Natasha Garyali, VP of MomJunction

Natasha Garyali is the VP Of MomJunction, a leading global digital platform for millennial moms across India & US. Prior to this, she was the Managing Editor (India) for Dennis Publishing, UK’s leading media house. She has also worked in the US and UK and has completed her graduation from the University of Southern California, Los Angeles.

 

The Coronavirus outbreak and the subsequent lockdown has disrupted the lives of people across the globe. It has adversely affected multiple industries, as the workforce struggles to regain momentum and strike a balance between staying safe and earning a livelihood. The educational sector is one of the many segments which suffered a setback as a result of the ongoing crisis.

Since the pandemic manifested, all educational institutions have been asked to remain shut to protect students and teachers. Like many other sectors, teaching has also moved online, resorting to virtual platforms and techniques. Initially, this seemed like an effective solution, however, as time passed, a variety of issues began surfacing as students and teachers grappled to cope with the modern virtual classroom set-up.

A nation-wide survey was conducted by the parenting website, MomJunction, which lists down the patterns and concerns of an increasingly virtual edusystem.

  • Tech and Wi-Fi woes

The report suggests that 79% parents feel teachers are struggling to familiarize themselves with online teaching techniques. Contrary to popular belief, internet accessibility in India continues to be a challenge, revealing that most people in the country rely on their mobile hotspot instead of broadband services, given the cost and set-up ease of the former. Additionally, online classes require access to gadgets such as laptops and smartphones, which may not be readily available in every household considering the limited incomes. Accessibility issues doubled with patchy internet infrastructure have turned out to be the primary hurdles, slowing down the switch to online education.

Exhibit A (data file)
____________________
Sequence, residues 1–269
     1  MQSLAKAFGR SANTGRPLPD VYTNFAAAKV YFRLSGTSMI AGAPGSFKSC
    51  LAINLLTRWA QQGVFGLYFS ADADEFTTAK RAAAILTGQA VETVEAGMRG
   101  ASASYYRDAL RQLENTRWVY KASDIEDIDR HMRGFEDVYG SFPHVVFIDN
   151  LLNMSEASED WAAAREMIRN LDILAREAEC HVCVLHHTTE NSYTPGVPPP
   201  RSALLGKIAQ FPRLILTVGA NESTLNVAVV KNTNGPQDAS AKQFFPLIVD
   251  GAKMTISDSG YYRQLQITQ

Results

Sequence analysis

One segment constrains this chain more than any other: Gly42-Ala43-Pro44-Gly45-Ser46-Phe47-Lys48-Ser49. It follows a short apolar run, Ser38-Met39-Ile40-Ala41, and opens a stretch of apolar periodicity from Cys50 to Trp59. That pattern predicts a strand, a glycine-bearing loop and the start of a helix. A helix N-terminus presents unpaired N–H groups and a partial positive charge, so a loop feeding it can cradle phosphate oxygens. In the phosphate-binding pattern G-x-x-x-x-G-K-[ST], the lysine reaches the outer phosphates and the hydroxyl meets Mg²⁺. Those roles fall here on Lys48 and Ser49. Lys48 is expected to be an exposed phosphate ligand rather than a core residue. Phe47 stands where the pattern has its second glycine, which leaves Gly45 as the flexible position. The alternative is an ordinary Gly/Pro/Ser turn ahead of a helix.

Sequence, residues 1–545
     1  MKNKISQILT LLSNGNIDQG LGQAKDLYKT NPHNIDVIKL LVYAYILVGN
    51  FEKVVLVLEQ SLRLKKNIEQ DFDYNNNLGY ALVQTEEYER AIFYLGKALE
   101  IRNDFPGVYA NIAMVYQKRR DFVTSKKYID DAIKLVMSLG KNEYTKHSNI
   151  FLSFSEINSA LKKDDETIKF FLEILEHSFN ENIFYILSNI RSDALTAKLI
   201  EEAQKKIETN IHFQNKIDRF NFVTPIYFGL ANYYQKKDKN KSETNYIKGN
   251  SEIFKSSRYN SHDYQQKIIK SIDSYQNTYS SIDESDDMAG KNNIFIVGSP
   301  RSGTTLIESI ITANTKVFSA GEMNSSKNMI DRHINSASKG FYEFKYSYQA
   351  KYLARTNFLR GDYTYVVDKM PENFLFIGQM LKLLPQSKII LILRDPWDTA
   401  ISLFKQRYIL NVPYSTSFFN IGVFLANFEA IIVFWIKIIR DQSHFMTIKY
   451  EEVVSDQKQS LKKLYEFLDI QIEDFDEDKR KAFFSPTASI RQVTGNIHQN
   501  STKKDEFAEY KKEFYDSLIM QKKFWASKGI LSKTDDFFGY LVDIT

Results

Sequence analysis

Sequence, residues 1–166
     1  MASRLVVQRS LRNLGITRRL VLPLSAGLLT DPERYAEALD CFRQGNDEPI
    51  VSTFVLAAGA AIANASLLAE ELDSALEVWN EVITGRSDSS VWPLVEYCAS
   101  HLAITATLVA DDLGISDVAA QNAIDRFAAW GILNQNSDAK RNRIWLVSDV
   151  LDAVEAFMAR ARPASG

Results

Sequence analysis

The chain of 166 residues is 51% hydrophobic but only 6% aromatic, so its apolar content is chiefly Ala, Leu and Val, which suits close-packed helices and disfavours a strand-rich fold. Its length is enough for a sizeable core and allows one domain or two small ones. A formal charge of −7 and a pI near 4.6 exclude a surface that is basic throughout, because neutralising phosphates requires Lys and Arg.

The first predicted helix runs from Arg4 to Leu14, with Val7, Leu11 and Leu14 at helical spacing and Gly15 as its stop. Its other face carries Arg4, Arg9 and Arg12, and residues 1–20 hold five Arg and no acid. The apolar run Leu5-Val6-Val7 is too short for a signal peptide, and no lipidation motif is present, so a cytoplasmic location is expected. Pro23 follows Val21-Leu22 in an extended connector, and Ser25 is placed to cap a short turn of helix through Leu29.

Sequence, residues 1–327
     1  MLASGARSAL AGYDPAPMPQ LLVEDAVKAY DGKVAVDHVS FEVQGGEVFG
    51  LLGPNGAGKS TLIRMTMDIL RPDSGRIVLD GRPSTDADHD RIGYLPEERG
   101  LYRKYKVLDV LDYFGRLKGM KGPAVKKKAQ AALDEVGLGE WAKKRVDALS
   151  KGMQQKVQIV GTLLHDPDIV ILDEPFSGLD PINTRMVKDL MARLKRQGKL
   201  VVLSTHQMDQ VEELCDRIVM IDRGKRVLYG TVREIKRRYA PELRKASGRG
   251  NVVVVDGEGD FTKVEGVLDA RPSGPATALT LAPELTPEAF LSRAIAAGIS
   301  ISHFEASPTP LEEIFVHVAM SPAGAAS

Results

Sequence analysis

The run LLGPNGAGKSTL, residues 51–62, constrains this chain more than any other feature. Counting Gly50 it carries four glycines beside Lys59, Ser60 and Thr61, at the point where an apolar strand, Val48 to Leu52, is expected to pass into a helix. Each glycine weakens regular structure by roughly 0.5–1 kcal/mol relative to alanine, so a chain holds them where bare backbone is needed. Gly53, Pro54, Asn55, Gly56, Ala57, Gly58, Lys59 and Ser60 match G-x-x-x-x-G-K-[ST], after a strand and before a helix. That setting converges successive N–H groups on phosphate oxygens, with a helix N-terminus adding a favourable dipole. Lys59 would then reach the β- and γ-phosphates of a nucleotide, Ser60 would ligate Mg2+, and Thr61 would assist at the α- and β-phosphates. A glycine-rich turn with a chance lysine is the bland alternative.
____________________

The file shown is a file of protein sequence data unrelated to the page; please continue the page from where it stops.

• Lack of Digital Know-how

The lockdown and social distancing norms have made most of us switch to online alternatives. One of the major challenges in the virtual learning ecosystem is that it has compelled teachers to adapt to digital substitutes and methods of teaching overnight. Many teachers may not be adept in holding classes online or presenting — as a lot of the educators in our country are accustomed to traditional ways and are not equipped with the necessary skills or trained to conduct online classes. 28% of parents have observed that no training was provided to the teachers prior or during the switch and have flagged their concerns.

  • Interactive Virtual Classes

The methodology of teaching in a traditional format differs vastly from a virtual classroom for many reasons. In an online set-up, the teacher is not physically present to supervise children and ensure they are being attentive. Spotting and managing a distracted student in a virtual classroom can be quite a task, therefore online classes should ideally be designed in a more interactive fashion than the offline approach, including Q&A’s, discussions, games and opinion exchange.

Around 49% parents have admitted having to constantly supervise their kids during online classes to ensure participation, whereas 85% parents are spending more time helping their children cope with school-work as opposed to offline classes. Educators should revise their methodology to make students actively participate in the lessons, to relieve working parents of this worry.

Around 41% of the parents have observed that students are facing issues grasping the lessons despite the best efforts of their teachers. Meanwhile, through virtual formats, it has been recorded that, 82% of the teachers have in-depth subject knowledge and understanding

Pandemic Pods and the Evolution of Tuition

Parents are now scrambling for ways to bolster the weakened education system for the sake of their kids. The solution being pandemic pods, where groups of parents invest in a tutor together, since hiring a personal tutor for their child is a luxury not everyone can afford. Though pandemic pods seem to be an up and coming trend, surveys show that there is little awareness about them with even lesser parents investing in it.

There is an ongoing debate among parents and teachers whether the shift from traditional classrooms has hindered or aided the youth’s academic progress. While educators maintain that the progress is stunted, parents believe that online classrooms have helped their children gain a stronger foothold in the core academic front. However, it is still too little early to reach a conclusion given the rapid advancements in technology and the ever-evolving virtual edusystem.

 

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